Gelato What better way to wander the streets of Italy on a hot summer's day than with a cone of sweet, fruity gelato in hand? You might assume that ice cream is a no-go for vegans, but not so fast! The fruit-based flavours of gelato are almost always sorbets, which means they are made only with fresh fruit, water and sugar. And, with the growing demand for more dairy-free choices, many gelaterie now offer soy versions of some of their non-fruit flavours too. There's even a 100% vegan gelateria in Rome!
Polenta You might be wondering how polenta could possibly be a street food snack. Isn't it all gloopy and messy and has to be served on a plate? Nope! It also comes in cones! In some of the more northern regions of Italy, polenta is an essential staple and is eaten much more frequently than pasta. That being the case, it should come as no surprise that the locals have found a way to take polenta with them on the go. Acqua & Mais in Venice does a roaring trade in the stuff.
[Note: While the polenta at Acqua & Mais is vegan (they don't use butter like some places do), I was told later by a reader that the batter used to fry the vegetables I topped mine with (pictured above) contains eggs. If you go there, try ordering polenta with the white beans in tomato sauce instead.]
Pizza al taglio (Photo by Elliott Brown, used under CC license)
The Neapolitans get credit for inventing pizza, but it was the Romans who figured out that you could serve it “by the slice”. While the pizzas served in restaurants are round and generally considered to be a single serving size for one (hungry) person, in pizza al taglio places they are baked in large, rectangular trays and are sold by weight, so you can ask the pizzaiolo to cut a slice as large or small as you like.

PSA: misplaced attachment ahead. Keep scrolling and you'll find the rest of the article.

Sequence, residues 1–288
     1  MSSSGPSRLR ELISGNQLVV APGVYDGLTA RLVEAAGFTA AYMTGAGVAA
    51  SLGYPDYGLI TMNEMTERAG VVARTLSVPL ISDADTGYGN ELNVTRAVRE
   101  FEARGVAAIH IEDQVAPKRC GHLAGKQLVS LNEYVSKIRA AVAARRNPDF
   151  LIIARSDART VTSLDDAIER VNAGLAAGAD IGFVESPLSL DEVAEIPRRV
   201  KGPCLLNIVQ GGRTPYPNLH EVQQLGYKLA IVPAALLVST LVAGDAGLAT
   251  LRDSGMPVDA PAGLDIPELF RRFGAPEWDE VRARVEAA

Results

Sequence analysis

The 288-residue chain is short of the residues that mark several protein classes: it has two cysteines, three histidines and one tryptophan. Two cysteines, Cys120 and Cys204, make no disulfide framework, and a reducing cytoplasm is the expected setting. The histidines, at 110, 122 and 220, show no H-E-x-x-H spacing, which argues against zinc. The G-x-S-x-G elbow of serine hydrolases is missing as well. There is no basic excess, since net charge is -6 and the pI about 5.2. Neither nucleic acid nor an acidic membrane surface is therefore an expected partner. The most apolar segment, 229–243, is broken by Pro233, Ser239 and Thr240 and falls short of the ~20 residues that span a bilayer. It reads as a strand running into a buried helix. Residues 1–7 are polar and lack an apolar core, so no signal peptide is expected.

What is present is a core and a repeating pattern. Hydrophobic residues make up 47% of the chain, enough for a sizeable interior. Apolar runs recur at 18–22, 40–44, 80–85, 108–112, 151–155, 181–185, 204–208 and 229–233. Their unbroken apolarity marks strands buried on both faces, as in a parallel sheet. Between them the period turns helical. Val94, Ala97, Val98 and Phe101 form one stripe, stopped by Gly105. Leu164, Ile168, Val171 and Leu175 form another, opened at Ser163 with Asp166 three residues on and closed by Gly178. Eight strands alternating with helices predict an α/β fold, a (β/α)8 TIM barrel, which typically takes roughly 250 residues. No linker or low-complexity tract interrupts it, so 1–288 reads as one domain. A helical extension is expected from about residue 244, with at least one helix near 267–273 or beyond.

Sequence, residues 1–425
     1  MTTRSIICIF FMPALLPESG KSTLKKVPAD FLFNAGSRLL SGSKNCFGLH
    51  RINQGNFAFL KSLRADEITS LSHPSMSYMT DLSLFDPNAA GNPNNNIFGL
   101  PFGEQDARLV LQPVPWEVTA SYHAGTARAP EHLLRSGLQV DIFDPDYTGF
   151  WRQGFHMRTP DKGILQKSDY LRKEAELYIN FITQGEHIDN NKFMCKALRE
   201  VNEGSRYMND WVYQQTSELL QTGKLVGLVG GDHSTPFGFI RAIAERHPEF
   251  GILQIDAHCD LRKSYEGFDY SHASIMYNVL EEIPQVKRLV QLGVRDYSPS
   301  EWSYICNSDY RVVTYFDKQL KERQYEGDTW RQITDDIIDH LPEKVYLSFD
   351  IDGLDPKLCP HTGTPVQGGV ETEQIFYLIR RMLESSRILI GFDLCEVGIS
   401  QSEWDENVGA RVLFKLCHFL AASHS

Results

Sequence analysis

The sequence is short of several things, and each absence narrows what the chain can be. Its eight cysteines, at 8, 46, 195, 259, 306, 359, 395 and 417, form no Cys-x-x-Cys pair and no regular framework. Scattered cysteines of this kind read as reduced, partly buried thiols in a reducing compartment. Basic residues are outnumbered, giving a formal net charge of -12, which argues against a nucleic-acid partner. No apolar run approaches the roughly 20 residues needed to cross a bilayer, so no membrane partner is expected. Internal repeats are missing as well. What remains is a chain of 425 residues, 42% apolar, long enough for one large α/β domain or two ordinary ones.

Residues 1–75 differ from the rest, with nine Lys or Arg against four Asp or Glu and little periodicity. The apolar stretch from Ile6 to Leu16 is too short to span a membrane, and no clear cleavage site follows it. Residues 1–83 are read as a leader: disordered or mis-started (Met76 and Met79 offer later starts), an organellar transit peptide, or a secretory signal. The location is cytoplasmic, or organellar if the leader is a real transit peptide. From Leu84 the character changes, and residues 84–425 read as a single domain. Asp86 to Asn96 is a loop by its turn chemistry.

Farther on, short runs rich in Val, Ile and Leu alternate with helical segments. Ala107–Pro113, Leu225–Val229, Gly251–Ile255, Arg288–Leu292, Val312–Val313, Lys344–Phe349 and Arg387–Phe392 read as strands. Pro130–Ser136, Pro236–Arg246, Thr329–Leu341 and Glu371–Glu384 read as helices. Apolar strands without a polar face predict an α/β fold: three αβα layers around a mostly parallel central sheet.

Since they are pre-made, you can't just order one without cheese like you can in a restaurant. That's generally not a problem though, as you will often find cheeseless pizzas on offer anyway. Some of the simplest and most common types are pizza rossa (with only tomato sauce) and pizza bianca (with olive oil, rosemary and garlic). Indeed, the line between focaccia and pizza is somewhat blurry, and you can generally find both in a pizza al taglio establishment.
Pettole Pettole are a festive snack eaten around Christmas time and during other holiday periods, particularly in the south of Italy. They are basically doughnut holes, a.k.a fried batter, but unlike doughnuts they come in both sweet and savoury versions. In their simplest form, they are made with just flour, water and oil, though savoury ones might also include extras like olives or sun-dried tomatoes. If you prefer your pettole sweet, look for the ones that have been dipped in sugar, jam or vin cotto – a thick, concentrated grape juice.
Are you ready to taste some of these delicious vegan street food snacks for yourself? Then check out the tours Vegano Italiano has planned for later this year. You can nibble on pettole in Puglia with renowned vegan cheese maker Miyoko Schinner, savour a creamy gelato with plant-based dietitian and author of The Vegiterranean Diet, Julieanna Hever, on the Amalfi Coast, or chomp down on some arancini in Sicily with vegan pastry chef Fran Costigan!
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Originally posted by Wendy Werneth on the nomadic vegan